Teen Mental Health Care Access Is On The Rise, But There’s Still Room For Improvement

Not all teens have equal access to mental health care, according to new research. 


As one in every five teens in the U.S. lives with a mental illness — such as ADHD, anxiety disorder, or depression, just to name a few — you would think that teens should be able to get mental health help just as easily and routinely as they would get a check-up from their primary care doctor. That’s not quite the case, according to a new study from the University of Michigan National Voices Project. But here's some good news: Mental health care access is on the rise.

In a 2012 survey of more than 2,000 adults who work with children and teens, 39 percent of participants said that their local adolescent population had plenty of access to mental health care. When the survey was duplicated two years later in 2014, that number jumped to 54 percent — but only in communities with few or no perceived racial or ethnic inequities.

In communities with some or many perceived racial or ethnic inequities, there is still an increase in mental health care access from 2012-2014, but the percentages rest 15-20 percent lower than those of more privileged communities. The overall increase is worth applauding, but mental health care should not be exclusive; all teens should have easy access.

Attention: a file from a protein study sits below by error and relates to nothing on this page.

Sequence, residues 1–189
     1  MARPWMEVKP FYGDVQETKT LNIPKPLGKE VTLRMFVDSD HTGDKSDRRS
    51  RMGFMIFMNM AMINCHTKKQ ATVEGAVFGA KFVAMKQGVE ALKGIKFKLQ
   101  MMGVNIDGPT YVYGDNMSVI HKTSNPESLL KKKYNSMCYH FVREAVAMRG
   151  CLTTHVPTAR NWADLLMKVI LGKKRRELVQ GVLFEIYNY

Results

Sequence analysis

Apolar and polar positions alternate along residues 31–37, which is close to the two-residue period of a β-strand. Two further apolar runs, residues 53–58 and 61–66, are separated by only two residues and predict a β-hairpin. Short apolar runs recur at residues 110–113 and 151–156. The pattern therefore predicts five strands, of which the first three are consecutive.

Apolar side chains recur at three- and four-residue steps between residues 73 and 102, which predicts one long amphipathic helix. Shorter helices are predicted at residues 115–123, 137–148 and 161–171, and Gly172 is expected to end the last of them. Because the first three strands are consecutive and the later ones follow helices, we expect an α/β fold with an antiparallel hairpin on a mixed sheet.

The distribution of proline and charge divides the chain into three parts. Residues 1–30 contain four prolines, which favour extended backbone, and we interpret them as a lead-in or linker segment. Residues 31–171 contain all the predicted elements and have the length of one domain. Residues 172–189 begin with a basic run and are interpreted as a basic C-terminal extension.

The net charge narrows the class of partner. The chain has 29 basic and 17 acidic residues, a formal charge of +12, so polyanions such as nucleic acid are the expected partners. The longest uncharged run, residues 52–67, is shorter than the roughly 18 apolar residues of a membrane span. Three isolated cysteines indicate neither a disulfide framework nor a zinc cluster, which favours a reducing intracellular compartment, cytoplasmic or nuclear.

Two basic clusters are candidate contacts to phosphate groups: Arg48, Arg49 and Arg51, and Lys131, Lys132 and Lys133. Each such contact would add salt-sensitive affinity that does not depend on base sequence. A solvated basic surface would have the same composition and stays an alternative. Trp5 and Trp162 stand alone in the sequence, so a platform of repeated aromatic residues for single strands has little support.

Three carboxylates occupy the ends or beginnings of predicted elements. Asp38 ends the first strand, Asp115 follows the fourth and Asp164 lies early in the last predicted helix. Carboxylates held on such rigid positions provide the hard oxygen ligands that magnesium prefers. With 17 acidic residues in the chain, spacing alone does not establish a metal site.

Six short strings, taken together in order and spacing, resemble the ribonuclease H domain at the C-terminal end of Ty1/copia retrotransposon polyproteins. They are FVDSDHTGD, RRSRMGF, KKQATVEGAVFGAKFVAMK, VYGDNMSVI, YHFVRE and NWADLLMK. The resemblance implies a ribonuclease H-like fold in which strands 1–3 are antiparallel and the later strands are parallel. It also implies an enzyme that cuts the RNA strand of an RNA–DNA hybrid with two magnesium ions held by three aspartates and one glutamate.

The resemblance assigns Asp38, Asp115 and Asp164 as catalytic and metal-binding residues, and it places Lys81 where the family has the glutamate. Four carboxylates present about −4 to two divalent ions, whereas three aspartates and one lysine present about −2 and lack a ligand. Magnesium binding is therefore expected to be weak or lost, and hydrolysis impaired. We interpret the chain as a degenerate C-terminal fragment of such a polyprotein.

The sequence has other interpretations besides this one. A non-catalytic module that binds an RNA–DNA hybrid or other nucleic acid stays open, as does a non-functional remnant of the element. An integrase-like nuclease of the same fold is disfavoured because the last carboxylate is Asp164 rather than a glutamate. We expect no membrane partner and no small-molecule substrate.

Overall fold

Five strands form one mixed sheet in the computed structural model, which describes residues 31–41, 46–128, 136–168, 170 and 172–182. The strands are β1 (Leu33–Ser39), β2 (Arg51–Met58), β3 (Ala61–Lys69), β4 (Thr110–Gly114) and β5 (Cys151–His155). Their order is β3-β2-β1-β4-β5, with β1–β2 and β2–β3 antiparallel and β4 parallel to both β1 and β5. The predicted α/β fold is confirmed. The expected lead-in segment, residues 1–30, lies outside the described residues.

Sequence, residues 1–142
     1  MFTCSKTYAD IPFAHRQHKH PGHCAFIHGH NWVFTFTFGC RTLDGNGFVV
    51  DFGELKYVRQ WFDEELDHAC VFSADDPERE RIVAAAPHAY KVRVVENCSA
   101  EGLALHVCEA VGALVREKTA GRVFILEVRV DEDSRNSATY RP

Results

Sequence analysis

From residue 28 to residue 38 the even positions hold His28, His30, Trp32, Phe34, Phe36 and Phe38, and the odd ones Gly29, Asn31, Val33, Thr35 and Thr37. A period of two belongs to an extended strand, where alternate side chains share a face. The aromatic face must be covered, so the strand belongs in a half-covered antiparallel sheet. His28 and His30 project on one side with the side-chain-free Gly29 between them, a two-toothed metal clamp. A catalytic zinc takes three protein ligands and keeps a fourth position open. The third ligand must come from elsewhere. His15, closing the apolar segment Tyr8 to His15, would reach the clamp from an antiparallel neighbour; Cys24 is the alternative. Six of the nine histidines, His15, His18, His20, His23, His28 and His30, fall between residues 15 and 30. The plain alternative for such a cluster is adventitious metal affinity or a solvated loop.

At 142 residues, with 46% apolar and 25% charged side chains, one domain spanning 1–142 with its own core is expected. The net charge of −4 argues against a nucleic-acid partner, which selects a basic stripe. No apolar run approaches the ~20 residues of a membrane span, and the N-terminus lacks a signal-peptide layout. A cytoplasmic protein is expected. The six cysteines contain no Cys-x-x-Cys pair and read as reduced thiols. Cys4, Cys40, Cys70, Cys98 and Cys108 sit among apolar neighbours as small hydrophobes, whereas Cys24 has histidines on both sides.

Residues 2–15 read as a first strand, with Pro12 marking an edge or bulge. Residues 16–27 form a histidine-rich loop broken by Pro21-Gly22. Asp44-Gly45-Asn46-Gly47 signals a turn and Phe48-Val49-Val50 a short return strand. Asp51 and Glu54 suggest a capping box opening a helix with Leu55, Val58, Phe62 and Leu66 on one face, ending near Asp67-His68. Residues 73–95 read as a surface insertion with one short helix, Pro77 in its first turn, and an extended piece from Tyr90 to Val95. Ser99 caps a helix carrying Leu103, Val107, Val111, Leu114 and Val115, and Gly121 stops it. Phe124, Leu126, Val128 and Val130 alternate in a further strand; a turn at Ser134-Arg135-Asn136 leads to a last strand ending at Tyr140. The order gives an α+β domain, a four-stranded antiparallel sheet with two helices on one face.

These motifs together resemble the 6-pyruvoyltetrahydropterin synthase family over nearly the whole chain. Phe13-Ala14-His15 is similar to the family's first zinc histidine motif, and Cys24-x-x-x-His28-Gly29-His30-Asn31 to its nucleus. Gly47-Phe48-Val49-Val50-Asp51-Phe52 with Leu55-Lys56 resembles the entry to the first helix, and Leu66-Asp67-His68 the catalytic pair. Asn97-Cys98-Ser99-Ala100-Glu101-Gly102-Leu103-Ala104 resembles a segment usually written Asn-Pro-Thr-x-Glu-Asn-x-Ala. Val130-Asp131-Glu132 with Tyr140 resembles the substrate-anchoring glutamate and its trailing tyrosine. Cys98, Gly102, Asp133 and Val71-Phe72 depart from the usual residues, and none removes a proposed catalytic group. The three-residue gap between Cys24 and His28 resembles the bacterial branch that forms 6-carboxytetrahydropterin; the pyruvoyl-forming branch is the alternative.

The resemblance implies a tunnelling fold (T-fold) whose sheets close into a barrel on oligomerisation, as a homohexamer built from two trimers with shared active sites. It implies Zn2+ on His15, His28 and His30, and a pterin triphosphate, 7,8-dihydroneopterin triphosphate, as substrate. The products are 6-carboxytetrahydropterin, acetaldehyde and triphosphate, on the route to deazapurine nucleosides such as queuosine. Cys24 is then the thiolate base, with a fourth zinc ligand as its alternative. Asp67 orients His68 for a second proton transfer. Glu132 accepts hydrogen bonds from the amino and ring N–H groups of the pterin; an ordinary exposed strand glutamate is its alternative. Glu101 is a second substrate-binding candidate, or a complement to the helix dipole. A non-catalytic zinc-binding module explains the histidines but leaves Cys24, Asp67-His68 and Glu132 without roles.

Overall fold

Check out this infographic from the National Voices Project for a breakdown of the disparities:

Matthew M. Davis, M.D., M.A.P.P., National Voices Project director and University of Michigan professor, believes that despite improvement, teen access to mental health care remains a problem. In the press release, he explains,

Given how common mental health concerns are among adolescents, improving access to behavioral services is as important as enhancing access to primary care.

Davis’ research makes one thing clear: There is still much to be gained in the mental health care space. In the meantime, learn how you can help suffering teens by reading this guide to teen mental health problems. Non-judgmental acknowledgment –– from both parents and teachers –– is a crucial first step.